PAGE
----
So sundry criminal activities have become the avenue to live a life of unearned luxuries. This cynicism also percolates into the political culture. Politicians are followed, especially when they have the populist tendency to dole out money and bags of rice.

Knowing that there won’t be accountability once they get into power, these young supporters try to grab as much as possible in return for their votes. It is what in Hausa is described as “Sha Yanzu, Magani Yanzu”! Fayemi was unable to mobilise this constituency of cynicism that his opponent, Ayo Fayose, did magnificently and reaped aplenty!

Incumbency literally became a disadvantage for Fayemi, as many of his confidants became albatrosses who lost in their various local governments, revealing how much they had alienated their principal from the people. Kayode Fayemi ran a very beautiful campaign on social media, and would certainly have won, if that was a vital factor, but it was clear that the effect was almost nil on the ground in his state. And when the Ekiti diaspora in Lagos and surrounding states returned home to vote against their governor, it became a total rejection of what he stood for and the message of development that he was painfully unable to communicate to the people in his state.

A civil society activistwas told in Ekiti, that intellectuals like Fayemi, loved humanity so much, that they couldn’t translate that love to real human beings!The assertion was in respect of the difficulty that Fayemi had with teachers over the Teachers Needs Development Assessment Tests; the restiveness of civil servants and those who were hurt during his urban renewal programme.

Anything that negatively touched livelihood in a basically civil service and peasant society was likely to be severely punished at the polls. And it was!

Loathing and rejection in Southwest politics

The new theme in the politics of the Southwest is the increasing loathing for and rejection of the domineering presence of Bola Tinubu. It manifested in neighbouring Ondo state during Olusegun Mimiko’s re-election and was also a factor in Ekiti.

I have read a correspondence, where people said Ayo Fayose was not a credible candidate, but they voted for him, as an expression of disgust with Bola Tinubu’s overbearing presence. They did not want to be vassals of a lord based on Bourdillon Avenue, Ikoyi, Lagos. And so complete was Fayemi’s rout, that Bola Tinubu who had threatened election riggers with lynching, has been unable to find his voice to comment on the Ekiti debacle since Saturday.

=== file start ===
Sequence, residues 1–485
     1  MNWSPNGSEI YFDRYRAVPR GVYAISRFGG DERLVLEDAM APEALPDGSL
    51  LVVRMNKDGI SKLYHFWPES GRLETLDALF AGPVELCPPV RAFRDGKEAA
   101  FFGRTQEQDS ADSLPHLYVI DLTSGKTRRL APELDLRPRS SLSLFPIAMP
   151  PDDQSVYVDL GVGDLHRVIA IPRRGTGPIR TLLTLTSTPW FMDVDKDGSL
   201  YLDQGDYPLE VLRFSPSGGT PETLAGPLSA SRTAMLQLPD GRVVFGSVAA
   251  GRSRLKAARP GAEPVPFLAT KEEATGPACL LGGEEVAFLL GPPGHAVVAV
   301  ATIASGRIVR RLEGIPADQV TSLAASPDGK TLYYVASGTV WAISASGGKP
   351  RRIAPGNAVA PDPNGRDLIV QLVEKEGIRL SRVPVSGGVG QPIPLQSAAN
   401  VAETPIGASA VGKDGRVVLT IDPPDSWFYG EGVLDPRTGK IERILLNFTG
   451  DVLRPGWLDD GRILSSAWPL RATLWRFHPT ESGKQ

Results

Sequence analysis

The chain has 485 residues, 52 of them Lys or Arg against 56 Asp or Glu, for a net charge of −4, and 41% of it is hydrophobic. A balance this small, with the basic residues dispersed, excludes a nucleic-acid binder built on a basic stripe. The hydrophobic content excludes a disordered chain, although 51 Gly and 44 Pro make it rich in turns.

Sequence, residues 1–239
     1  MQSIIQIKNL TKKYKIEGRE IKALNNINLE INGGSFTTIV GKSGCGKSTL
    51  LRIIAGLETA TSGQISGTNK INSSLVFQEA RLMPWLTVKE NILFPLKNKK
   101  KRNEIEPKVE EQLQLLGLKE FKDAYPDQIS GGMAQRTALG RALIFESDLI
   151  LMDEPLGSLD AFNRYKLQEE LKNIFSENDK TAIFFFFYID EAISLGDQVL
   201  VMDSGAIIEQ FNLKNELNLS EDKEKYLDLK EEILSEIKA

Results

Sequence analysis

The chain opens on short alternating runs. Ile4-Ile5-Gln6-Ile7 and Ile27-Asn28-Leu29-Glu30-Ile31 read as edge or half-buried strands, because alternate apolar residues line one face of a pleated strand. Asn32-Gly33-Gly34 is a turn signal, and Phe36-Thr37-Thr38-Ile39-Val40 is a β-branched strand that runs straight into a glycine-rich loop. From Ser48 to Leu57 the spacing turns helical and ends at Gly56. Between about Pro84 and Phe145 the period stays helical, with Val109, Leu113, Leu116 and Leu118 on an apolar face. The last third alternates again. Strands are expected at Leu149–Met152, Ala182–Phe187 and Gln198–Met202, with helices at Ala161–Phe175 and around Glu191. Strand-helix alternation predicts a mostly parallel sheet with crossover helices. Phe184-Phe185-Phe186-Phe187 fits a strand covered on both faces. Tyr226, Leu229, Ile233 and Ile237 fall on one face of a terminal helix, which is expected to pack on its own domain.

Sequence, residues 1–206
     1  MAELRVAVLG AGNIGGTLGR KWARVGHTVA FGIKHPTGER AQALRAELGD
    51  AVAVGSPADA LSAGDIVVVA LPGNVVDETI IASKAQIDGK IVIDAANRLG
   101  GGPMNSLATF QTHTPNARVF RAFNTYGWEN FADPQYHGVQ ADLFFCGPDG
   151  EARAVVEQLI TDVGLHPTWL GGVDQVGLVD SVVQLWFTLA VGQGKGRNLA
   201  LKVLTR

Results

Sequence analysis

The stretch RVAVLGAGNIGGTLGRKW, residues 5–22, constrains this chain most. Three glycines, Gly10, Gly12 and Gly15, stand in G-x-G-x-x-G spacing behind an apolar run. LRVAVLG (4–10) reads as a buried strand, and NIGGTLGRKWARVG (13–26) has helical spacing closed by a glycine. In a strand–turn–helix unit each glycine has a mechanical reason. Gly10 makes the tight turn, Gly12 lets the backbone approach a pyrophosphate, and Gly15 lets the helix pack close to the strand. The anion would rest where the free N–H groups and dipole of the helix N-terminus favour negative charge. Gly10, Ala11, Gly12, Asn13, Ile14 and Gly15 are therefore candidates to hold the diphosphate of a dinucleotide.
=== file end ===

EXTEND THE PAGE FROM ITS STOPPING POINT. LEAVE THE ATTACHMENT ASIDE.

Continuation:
He is still shell shocked! But going forward, the deceitful Tinubu factor must be carefully interrogated so as not to haunt the APC into the future. There were reports in the days before the election of the militarisation of the state, while APC governors were prevented from entry into Ekiti to attend Fayemi’s final rally.

They were also unable to take in money for a last minute inducement of the voters, which left the scene completely to the PDP and Fayose. But in truth, the background of the total rout had been laid in the months and weeks before the polls. It was instructive that elections monitors commended the preparations for and the conduct of the polls by INEC. So that was not an element of worry at all in Ekiti last weekend.

It was the complete nature of the defeat, which made it easy for Kayode Fayemi to graciously accept defeat thus helping to open up a new vista of development of Nigeria’s political process.

That act will resonate into the future and will help ensure his legacy as a patriot and democrat. But the painful lessons of a complete electoral rout, the type of which we have never seen before in Nigeria, since 1999, must be learnt by all those dedicated to a politics of principled alternatives in Nigeria.

Understanding of real politik

No one in politics should take the people for granted. This is especially important for those who come from a progressive background. There must be an understanding of ‘Real Politik’; while the felt needs of the people should be central to political decision and policy thrust.

In the long run, as Amilcar Cabral used to warn, people would not make sacrifices for ideas in our heads, no matter how lofty those ideas might be. Ayo Fayose has taught very poignant lessons in mobilization and the practice of politics as an art of being in touch with the mass of the people.

Charismatic individuals are able to build organic links to the feelings of the people and can sway them in directions of their choosing. It is not often or necessary, that those abilities are directed in progressive directions. But those who make claims to progressive politics must learn how to effectively connect with the felt needs of the people to build the blocks of the different politics they talk about.

Kayode Fayemi had the best ideas but unfortunately, he was too alienated from the people and was therefore unable to get the people to buy into and own his vision. He was ruthlessly exposed and fatally routed by the same people he wanted to work for.

It was a sad political knockout for a genuine patriot. But those who are politically wise must learn very useful lessons from Ekiti state and Kayode Fayemi’s annihilation into the future!